Recent proposals call for requiring prospective homeowners to make a 10-20 percent down payment when purchasing a home. This is seen--mistakenly--as "getting back to the way mortgages used to be made." In fact, low down payment home loans[i] have been a significant and safe part of the mortgage finance system for decades, bearing little resemblance to subprime and other alternative mortgage products that crashed our economy. And responsible low down payment loans are also a key to the recovery of our nation's housing market and economy.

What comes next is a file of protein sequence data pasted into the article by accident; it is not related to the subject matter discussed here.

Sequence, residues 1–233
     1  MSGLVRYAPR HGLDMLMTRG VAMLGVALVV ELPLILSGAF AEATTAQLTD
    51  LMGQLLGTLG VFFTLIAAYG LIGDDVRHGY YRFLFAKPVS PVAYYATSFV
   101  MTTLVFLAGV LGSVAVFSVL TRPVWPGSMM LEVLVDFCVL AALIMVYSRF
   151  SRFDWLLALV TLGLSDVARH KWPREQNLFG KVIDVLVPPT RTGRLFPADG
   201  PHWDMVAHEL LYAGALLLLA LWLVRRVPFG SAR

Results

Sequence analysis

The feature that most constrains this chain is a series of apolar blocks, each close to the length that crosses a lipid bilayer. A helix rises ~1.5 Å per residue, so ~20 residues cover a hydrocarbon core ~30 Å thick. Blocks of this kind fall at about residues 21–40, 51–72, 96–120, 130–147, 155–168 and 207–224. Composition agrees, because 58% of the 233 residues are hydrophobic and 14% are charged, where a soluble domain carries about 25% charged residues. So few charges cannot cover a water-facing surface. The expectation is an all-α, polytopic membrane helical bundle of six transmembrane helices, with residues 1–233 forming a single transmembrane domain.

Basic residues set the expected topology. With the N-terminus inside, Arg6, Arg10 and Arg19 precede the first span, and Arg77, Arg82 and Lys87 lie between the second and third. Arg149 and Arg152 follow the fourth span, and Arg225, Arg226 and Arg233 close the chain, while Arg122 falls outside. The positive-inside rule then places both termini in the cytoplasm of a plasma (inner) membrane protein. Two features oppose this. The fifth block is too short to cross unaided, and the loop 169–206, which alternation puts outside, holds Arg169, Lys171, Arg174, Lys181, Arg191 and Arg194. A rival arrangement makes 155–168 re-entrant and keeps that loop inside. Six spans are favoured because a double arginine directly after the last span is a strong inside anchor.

CRL's paper discusses the following key points:
- Between 1990 and 2009, more than 27 million mortgages were made with low down payments. These loans did NOT carry the risky features found in subprime loans.
- Increasing down payment requirements would materially shrink the mortgage market with little increase in loan performance.
- Based on average home prices, it would take 14 years for the typical American family to save enough money for a 20% down payment.
- Homeownership remains a key driver of personal and national economic prosperity, and will be fostered by responsible low down payment loans.
[i] In this analysis, low down payment loans are defined as those with less than 20% down (80% Loan-to-Value) and excluding FHA/VA loans